Rutledge: Let’s rediscover truth, democracy

In this season of Advent, Christians are asked to reflect on the holy family, their sojourn in Egypt, and what this might teach the faithful about how to treat the stranger among us.

The story of the holy family’s flight encompasses the entire second chapter of Matthew. When I re-read the story in a new Advent season, I can’t help but think of the many people in this, their own country — citizens, neighbors, relatives and members of the congregation to which I belong — who find themselves increasingly strangers in their own land, alienated from the place where they were born and raised.

Those of us who believed that democratic republicanism and rule of law was the water in which we as citizens swam like fish, now see it replaced with a growing authoritarianism and lawlessness that will, despite the recent election, be difficult to arrest. It has been embraced by so many that we who believe in the civic necessities of justice, fair play and truth have witnessed our system of justice mocked, persecution of refugees accepted, and reality itself perverted by a plethora of untruths.

As one who teaches the origins of democratic and republican governance as foundational to our system, I find the violent tremors that have shaken these foundations both distressing and shocking. The values of Thomas Jefferson, Frederick Douglass and Thomas Payne, the basic civic values of our founding documents, have come under relentless siege.

Lincoln’s uplifting message, “With malice toward none with charity for all,” has been persistently replaced with assaults against the common good and willfully cruel policies.

Martin Luther King’s exhortations to judge by the content of an individual’s character rather than the color of his skin, has gone up in a conflagration of racial animus. Increasingly, we are experiencing incitement to violence against Jews, Muslims, African Americans and our Hispanic neighbors seeking a better life in this country.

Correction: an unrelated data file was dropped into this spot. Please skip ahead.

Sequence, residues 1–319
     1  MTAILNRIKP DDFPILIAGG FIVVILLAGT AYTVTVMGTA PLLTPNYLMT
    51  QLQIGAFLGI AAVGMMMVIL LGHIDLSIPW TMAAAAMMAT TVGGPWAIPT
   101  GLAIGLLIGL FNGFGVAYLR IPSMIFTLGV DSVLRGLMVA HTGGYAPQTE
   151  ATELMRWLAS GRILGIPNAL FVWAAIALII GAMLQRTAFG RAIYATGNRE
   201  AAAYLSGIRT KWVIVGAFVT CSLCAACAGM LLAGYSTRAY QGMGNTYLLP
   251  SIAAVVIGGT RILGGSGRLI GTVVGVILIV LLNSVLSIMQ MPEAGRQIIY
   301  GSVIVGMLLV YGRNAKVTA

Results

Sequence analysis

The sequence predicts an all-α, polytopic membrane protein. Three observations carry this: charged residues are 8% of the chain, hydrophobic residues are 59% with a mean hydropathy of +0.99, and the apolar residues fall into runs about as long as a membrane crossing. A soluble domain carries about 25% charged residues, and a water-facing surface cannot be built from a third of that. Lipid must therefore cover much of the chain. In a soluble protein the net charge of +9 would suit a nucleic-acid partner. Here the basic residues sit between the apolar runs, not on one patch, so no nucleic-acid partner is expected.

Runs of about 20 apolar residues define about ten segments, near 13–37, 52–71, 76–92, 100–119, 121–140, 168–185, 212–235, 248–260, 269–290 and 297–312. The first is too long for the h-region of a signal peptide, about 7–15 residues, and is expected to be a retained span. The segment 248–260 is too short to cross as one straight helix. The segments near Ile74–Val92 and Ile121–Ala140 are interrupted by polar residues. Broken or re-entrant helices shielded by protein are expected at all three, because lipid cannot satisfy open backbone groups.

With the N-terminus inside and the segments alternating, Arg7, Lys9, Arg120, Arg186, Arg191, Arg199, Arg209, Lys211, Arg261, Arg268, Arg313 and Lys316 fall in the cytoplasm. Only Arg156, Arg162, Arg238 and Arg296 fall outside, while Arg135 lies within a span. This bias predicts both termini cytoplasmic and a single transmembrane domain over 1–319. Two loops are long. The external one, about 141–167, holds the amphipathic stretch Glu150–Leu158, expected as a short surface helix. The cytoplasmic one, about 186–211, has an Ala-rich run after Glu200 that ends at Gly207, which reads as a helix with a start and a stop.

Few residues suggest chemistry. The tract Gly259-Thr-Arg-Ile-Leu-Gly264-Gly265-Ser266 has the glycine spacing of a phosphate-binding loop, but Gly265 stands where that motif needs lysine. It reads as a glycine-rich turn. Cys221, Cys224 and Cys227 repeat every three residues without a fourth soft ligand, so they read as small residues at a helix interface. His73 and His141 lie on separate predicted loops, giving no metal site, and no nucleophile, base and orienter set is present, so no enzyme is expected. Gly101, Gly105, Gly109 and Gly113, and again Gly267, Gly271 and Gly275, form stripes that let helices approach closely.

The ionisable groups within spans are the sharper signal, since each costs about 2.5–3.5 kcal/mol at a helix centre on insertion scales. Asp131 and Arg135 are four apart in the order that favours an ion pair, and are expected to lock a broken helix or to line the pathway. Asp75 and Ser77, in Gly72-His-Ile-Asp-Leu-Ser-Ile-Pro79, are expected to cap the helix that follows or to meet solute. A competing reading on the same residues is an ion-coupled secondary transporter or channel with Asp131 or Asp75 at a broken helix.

The unacceptable has become the norm. Shame and dignity appear retreating in the face of coarseness, vulgarity and incitement to violence.
Hannah Arendt, one of the 20th century’s greatest and most controversial thinkers, would tell us such disorientation is a symptom of a society in crisis, of a country whose essential freedoms are being usurped.

How did our moral and civic clarity concerning the bounds of what is decent and right become so obtuse?

The answer is too complex to address in a brief commentary. However, suffice it to say:

Those of us who assumed certain markers of how we relate to one another as citizens of a free republic, debate important issues pertaining to the common good and learn to trust in the honest faith of all sides now find ourselves strangers in a strange land — Israelites in Egypt.

Those of us who believe in decency, the rule of law and the acceptance of factual evidence presented by dedicated professionals now find ourselves strangers in a strange land — Samaritans in Judea.

Those of us who share a sense of history, a commitment to those who have come before and follow after after and a reverence for the aspirational values of liberty, equality, shared prosperity and mutual respect now find ourselves strangers in a strange land — the holy family in Egypt, grasping for hope in a sea of uncertainty.

Those of us who trust our selfless government officials, our public health care professionals and the scientific researches from whose brilliance we all benefit now see their charity, dedication and talent derided, abused and mocked by people who deny what is in front of them.

We are tested. In this darkest time of year, we crave some light, be it from family, scripture or history.

We are strangers in a strange land, but must remain strangers to despair, deception and ignorance all the same. We must remember in this season of Advent how none of us is ever a stranger if we can, with wisdom and clarity, regard one another as citizens of a free republic, not subjects beneath the heel of a divisive Herod’s whims.  

Originally from Oregon, Steve Rutledge moved back east to earn degrees in Latin, Greek and history at the University of Massachusetts, then a doctorate in classics at Brown University. After teaching almost 17 years in the Classics Department at the University of Maryland, he took early retirement in 2012 and returned home. He is now serving as an adjunct professor of history at Linfield University, where his specialty is ancient history and languages. He has published three books and numerous articles on early Roman history and literature. 


Bill B

".....our selfless government officials" I think not.

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